In this approach, customers log an SR with Oracle Support to move their pod to the CAC network. Once moved, Oracle provides ~1700 IP Addresses which customers should allow and whitelist in their network, with the guarantee that the SaaS endpoint’s DNS would always translate to one of the ~1700 IP Addresses.

This way customers can continue to use Akamai, and manage access to their pods as well.

1.1.2 Using hosts file spoofing

We know that for an Akamai enabled Fusion endpoint, such as abc.fs.us2.oraclecloud.com, the translated IP Address is dynamic. But for every such endpoint, a corresponding abc.origin-fs.us2.oraclecloud.com endpoint exists, which translates to the IP Address of the origin servers, i.e. the actual servers within Oracle data center.

This means that we could use the ‘origin-‘ hostnames to lookup and whitelist the origin servers directly. However, to enforce use of the Akamai network, Oracle Cloud rejects all the requests coming to the origin- endpoints from outside the Akamai network.

Hence, the following steps can be used as a workaround:

  1. a. ‘nslookup’ the IP of https://abc.origin-fs.us2.oraclecloud.com (say it is 123.456.7.89 ), and create an entry in /etc/hosts for abc.fs.us2.oraclecloud.com and translate it to 123.456.7.89
  2. b. Whitelist the IP 123.456.7.89
  3. c. Repeat the above steps for all the required Fusion servers, such as abc.fs.us2.oraclecloud.com , abc.login.us2.oraclecloud.com etc.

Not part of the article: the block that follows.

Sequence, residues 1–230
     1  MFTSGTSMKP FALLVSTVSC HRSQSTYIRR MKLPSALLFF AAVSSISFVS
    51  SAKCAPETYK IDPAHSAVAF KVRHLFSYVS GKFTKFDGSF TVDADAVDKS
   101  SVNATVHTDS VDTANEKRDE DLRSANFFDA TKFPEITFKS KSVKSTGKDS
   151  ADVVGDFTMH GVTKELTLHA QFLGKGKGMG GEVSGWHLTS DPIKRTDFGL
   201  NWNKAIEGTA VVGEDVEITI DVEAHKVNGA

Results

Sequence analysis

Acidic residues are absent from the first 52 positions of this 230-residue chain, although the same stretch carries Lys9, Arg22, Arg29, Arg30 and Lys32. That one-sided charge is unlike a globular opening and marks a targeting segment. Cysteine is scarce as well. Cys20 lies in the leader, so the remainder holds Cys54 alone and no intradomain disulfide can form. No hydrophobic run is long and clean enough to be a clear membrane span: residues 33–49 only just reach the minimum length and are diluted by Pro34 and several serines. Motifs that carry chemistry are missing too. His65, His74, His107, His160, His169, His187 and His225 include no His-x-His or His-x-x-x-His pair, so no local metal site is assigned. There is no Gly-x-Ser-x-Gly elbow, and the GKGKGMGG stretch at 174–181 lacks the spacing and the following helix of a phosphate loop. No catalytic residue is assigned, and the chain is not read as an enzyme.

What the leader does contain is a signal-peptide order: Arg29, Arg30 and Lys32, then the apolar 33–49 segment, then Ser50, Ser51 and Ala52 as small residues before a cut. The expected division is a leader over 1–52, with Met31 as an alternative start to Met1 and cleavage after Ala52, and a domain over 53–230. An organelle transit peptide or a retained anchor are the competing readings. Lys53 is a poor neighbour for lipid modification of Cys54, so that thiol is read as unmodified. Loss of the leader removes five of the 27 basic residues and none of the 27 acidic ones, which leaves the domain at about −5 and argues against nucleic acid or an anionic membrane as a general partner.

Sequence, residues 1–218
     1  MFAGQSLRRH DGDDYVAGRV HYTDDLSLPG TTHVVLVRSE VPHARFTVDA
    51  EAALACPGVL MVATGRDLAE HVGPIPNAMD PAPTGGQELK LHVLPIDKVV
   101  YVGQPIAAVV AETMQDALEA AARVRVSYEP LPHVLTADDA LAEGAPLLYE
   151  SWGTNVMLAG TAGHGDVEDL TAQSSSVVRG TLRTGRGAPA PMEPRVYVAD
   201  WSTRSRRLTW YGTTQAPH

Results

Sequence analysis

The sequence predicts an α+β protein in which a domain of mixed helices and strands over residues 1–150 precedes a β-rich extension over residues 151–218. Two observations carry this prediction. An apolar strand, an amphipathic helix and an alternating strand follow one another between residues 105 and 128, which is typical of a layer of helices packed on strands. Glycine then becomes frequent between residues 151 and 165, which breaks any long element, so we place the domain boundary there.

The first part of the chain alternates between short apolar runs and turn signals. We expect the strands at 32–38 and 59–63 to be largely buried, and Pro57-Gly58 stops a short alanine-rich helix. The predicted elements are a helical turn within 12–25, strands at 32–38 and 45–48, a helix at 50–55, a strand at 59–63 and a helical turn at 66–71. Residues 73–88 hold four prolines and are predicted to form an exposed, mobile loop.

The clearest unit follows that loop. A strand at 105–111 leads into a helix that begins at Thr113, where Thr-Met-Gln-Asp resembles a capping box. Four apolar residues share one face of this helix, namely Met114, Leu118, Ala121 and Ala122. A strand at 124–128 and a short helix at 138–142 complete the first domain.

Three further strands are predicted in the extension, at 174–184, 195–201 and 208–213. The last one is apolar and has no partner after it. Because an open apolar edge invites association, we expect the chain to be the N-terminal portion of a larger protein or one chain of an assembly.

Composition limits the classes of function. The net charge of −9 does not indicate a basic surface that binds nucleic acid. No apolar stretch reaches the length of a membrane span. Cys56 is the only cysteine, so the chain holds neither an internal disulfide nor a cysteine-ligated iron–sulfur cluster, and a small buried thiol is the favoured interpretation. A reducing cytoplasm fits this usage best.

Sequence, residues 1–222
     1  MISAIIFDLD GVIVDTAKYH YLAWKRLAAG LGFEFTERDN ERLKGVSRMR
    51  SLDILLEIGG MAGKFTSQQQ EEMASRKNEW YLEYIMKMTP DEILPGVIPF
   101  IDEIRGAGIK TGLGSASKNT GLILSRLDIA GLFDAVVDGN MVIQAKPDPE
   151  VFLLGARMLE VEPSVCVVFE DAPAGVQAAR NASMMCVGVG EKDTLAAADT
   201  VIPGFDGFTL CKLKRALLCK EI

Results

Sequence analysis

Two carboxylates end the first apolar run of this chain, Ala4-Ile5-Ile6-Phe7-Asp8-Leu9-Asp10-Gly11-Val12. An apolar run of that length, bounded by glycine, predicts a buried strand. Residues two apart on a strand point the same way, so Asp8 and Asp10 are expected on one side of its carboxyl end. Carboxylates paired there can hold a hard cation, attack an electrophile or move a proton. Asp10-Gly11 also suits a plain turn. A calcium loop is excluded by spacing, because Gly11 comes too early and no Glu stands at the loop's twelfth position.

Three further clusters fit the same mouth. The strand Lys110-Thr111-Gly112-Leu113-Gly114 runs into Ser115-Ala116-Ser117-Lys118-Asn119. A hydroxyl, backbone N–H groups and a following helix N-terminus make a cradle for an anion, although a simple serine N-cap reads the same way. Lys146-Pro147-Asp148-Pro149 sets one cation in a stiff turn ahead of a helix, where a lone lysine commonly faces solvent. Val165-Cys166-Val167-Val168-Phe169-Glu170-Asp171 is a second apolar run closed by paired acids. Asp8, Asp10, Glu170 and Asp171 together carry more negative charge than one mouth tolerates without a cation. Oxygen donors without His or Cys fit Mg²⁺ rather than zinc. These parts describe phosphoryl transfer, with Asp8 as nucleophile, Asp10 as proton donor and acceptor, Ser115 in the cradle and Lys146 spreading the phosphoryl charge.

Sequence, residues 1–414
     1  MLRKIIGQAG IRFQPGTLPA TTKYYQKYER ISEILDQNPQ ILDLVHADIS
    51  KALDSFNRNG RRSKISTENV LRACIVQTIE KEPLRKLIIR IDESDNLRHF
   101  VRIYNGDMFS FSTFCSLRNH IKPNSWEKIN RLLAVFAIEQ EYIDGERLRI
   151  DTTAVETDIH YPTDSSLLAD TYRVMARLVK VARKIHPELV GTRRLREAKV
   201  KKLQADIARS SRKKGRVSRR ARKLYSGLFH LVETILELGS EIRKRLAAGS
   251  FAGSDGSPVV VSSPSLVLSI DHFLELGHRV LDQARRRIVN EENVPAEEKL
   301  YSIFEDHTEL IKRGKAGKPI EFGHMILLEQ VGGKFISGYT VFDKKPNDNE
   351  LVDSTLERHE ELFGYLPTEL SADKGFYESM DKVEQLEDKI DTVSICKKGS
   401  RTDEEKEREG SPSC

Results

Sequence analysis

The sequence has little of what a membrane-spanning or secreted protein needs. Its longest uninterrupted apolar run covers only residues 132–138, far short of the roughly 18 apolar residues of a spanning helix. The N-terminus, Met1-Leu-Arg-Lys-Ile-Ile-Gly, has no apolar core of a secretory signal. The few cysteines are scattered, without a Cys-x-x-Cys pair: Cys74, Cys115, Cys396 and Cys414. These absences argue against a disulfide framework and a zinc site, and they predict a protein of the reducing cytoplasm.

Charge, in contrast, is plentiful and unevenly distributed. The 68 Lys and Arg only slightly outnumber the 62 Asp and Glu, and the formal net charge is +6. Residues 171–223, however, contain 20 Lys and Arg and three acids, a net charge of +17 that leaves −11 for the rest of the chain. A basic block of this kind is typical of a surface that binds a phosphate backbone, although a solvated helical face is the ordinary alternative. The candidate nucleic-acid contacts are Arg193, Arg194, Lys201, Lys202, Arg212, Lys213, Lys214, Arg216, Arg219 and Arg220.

Essentially we spoof the HTTP headers so that although we hit the origin- IP Address, we ensure the hostname in the HTTP packet is still abc.fs.us2.oraclecloud.com , thus ensuring the packets are not rejected.

By following this approach we only need to whitelist the origin- IP Addresses, but essentially we bypass Akamai and lose all its benefits.

Hence this approach should be implemented only on those machines which access Fusion Cloud APIs only, such as Java Cloud Service. And end-users should continue to access Fusion UI from their local browsers to receive all Akamai benefits.

Achieving Usecase#2

With Akamai enabled, usecase#2, i.e. whitelisting IP Addresses within the Fusion pod, can be achieved by filing an SR against Oracle Support, providing the list of IPs to be whitelisted as part of that.

The list of IP addresses can be revised as well, although with each revision the complete list should be provided, not just the delta.

The detailed process is documented in the Support Note 2089639.1

Achieving Usecase#3

Usecase#3 basically requires finding out the list of IP Addresses that could be the source IPs of requests originating from Fusion pods, which the customer should whitelist in their firewall.

This information is available at a data center level, in the Support Note 1903739.1

2. Akamai Disabled

In some cases, customers may choose to disable Akamai for their Fusion SaaS pod.

This is typically accomplished by logging an SR.
Once Akamai is disabled, the SaaS pod’s DNS name translates to the pod’s actual IP Address. Typically there are 13 such IP Addresses provided to the customer, 12 for each Fusion domain and 1 for the IDM domain (this will change with Rel-13 though, as number of domains reduce).

The three networking use-cases are then accomplished as follows :
1) Usecase#1 : Since the customer directly gets the static end IP addresses, it is relatively straightforward to whitelist them.
2) Usecase#2 : This is NOT possible today if Akamai is disabled. Oracle cannot whitelist IP addresses at the SaaS pod if Akamai is disabled.

Conclusion

In this blog we discussed a few whitelisting options that are available for Fusion SaaS customers on Akamai.
We also discussed how they can choose not to use Akamai for their SaaS instance, and the associated whitelisting ramifications.

Bibliography